Tuesday, January 23, 2018

SHE NEVER KNEW DEFEAT; 1933; Oklahoma

Just before Thanksgiving we had some dear friends visit us,--a "used-to-be" prosperous farmer, his wife and children.

The little lady had always had a cheerful, jolly disposition,--never seemed to take life seriously. Though she had been a hard worker, she never appeared to worry if her plans were upset. But now, since I had learned of their misfortune, I thought probably she might be different. Their beautiful country home,--their life's savings--had been taken from them through a mortgage foreclosure.

If I had expected any difference in her, I was certainly surprised for she was her same dear, jolly self. Only once did she mention their misfortune.

"I know God will provide a way," she said, "if we will only trust in Him and do our best."

So the dear, brave heart had thought more deeply than I had thought, and although she secretly grieved for their lost home, she was ready to begin all over again. She smiled, and in that smile I saw her very soul, the soul of a fighter, one who never gives up, who never knows defeat.

As she was about to leave, I helped her with her coat. It was thin and especially worn at the elbows. Her toil-worn hands were gloveless. I watched her climb into the wagon beside her husband. They now had nothing but the wagon to ride in, having sold their car to pay a note at the bank. She seemed proud of her husband and he of her, and the children of both of them.

I watched them until they passed from sight, then I walked slowly into the house. All that had occurred had "put me under my thinking cap."

Thursday, January 4, 2018

PIONEER DAYS; by Mr. A. D.; 1949

                                 HAPPY NEW YEAR TO YOU ALL!

If the following account sounds reminiscent of the days of Laura Ingalls Wilder's Little House in the Big Woods, it would not be surprising. Mr. Dahlin was born less than a month before Laura, and his home was only 120 miles west of "The Little House" in the big Wisconsin woods.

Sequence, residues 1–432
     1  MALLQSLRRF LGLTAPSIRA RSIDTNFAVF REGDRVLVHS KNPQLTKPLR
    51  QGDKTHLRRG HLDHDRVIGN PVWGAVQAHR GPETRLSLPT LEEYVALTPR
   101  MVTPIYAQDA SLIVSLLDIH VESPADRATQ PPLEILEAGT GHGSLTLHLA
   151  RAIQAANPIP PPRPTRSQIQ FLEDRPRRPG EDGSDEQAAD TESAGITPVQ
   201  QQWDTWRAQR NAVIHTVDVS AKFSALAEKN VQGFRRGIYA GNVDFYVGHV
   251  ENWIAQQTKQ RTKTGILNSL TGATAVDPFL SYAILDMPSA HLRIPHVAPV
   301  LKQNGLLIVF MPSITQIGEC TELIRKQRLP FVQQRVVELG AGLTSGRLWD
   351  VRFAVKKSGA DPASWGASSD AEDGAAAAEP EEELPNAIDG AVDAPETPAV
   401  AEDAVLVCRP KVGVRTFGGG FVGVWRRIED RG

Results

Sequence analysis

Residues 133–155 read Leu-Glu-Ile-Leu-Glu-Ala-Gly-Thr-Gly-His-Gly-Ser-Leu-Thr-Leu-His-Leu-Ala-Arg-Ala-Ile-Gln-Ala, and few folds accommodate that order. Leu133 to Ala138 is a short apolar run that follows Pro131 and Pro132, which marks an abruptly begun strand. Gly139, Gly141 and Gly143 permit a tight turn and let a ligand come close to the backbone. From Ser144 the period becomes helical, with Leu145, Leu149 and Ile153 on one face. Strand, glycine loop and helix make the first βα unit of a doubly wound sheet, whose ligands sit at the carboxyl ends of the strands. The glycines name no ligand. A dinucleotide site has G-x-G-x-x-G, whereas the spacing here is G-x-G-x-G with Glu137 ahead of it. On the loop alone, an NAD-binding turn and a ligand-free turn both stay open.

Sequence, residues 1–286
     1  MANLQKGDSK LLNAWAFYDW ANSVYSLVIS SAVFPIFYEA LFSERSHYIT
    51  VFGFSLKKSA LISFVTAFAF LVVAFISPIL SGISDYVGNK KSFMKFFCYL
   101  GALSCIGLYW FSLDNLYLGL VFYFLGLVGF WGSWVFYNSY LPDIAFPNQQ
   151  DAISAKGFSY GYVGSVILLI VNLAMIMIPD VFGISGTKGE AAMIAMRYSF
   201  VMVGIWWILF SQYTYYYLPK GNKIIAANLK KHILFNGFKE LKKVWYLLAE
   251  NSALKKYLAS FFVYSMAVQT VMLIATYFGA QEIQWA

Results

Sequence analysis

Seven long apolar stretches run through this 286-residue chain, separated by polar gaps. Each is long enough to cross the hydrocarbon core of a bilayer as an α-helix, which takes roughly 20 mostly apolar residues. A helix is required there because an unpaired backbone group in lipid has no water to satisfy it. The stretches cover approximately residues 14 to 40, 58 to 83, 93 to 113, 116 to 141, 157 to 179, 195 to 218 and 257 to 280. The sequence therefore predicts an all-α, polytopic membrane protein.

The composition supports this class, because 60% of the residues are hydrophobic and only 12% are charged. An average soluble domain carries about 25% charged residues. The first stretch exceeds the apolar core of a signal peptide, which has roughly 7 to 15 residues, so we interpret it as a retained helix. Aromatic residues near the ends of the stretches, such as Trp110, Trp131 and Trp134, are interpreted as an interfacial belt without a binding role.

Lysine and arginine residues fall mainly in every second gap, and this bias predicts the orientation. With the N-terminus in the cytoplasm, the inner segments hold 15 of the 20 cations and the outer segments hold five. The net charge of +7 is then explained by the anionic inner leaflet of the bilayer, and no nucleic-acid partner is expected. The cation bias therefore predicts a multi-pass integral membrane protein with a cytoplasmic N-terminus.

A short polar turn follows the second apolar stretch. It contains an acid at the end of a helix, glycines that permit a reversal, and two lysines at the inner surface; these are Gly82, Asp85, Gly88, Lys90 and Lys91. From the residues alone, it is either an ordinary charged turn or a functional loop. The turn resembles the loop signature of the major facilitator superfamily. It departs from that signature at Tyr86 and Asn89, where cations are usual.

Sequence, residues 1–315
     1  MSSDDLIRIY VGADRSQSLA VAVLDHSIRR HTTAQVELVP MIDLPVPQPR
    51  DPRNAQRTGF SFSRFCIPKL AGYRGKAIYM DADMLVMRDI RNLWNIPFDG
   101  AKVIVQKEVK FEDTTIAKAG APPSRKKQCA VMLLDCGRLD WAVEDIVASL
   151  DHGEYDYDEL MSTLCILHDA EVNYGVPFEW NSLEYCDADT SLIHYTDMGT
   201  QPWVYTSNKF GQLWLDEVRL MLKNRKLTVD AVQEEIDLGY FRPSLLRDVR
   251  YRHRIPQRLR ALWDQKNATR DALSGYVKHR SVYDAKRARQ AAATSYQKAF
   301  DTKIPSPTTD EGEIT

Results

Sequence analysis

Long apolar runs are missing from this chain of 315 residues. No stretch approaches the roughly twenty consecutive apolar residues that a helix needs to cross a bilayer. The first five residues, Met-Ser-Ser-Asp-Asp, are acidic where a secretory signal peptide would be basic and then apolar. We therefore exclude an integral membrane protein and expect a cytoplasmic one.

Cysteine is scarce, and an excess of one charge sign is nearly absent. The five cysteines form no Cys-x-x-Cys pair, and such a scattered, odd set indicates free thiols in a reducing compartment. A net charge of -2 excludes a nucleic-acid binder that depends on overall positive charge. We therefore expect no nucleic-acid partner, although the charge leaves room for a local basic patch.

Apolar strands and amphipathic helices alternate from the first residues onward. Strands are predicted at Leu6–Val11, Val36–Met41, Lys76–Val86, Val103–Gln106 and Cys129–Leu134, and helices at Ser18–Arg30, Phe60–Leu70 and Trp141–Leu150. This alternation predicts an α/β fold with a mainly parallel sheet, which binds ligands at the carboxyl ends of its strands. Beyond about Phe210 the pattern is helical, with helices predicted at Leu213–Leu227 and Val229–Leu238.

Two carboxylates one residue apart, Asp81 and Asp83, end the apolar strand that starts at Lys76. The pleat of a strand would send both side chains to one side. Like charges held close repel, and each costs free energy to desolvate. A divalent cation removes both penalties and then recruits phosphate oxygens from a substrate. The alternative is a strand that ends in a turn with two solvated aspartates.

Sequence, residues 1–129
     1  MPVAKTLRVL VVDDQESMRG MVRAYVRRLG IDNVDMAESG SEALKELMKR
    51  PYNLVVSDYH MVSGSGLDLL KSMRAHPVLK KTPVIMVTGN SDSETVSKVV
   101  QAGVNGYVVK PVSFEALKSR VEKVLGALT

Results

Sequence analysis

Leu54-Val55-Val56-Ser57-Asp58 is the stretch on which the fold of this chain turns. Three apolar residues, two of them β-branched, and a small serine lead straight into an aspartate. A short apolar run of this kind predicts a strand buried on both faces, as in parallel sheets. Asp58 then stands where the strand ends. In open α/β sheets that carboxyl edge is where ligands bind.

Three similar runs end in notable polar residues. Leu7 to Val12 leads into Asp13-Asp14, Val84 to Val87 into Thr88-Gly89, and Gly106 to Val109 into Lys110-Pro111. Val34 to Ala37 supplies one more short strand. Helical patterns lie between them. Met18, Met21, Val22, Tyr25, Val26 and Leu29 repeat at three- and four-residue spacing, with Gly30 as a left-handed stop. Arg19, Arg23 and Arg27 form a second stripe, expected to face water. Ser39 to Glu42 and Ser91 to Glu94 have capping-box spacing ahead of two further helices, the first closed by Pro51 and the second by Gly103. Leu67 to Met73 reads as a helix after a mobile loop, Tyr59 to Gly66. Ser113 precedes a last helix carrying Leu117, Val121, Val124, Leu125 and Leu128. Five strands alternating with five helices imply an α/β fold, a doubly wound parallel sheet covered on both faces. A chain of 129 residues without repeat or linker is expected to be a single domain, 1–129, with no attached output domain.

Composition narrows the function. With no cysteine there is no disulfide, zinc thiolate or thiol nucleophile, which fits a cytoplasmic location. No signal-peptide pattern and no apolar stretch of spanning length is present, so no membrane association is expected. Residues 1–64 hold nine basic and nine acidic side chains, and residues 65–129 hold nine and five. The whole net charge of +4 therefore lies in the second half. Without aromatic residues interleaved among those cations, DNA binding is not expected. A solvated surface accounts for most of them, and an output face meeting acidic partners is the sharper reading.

I was born in Dalsland, Sweden, January 10, 1867. When I was two months old, my parents together with their eight other children, immigrated to America. Our belongings consisted of clothing, tools, food, and a very small amount of money.

After a four week ocean voyage we arrived in Jordan, Minnesota, where father obtained employment on the railroad at $1.25 a day.

In 1869, we moved to Belle Plaine where we purchased 40 acres of land. Here was built our first one room log cabin. With the aid of two oxen and one horse, three acres were cleared the first summer. The winter was spent in making railroad ties and barrel hoops. With the arrival of spring, it was a familiar sight to see buckets hanging on the trees, and to hear the echo of maple sap dripping into the containers. Maple sap was cooked in a huge iron kettle which supplied the family with syrup and sugar.

In 1875, the farm was sold and a 160 acre tract of land was purchased at $6.00 an acre in Hale Township, Mcleod County (about 50 miles away.) Here we built a two-room log cabin, with two windows, and a low slanting roof. Our furniture was made up of home-made benches, a table, and sleeping bunks. The cabin was lighted with candles made by mother. By this light she spun, knit, and made straw hats.

Mcleod County was a “Poor Man’s Paradise.” There was an abundance of all kinds of wild fruit, berries, and nuts; which provided food for the family table. On a moonlight night, one could see several deer in the rutabaga patch. Lakes were filled with fish, and pools were covered with ducks. The pioneer’s alarm clock was the song of the birds. It sounded as though the whole earth were joined together into one choir of song.

My father built the first log school house in 1877. In 1891, my brother and I erected a new building on the same lot and it is still in use. School was in session six months out of the year and attendance was largest on stormy days, as children had to work when weather permitted.

Every Sunday morning we walked six miles to church. Sunday afternoons, I attended Sunday School at one of the pioneer homes.

Spelling bees, square dances, skating, sliding, and husking bees were the main sources of entertainment. Many  hours were spent playing with a rag ball or mouth organ.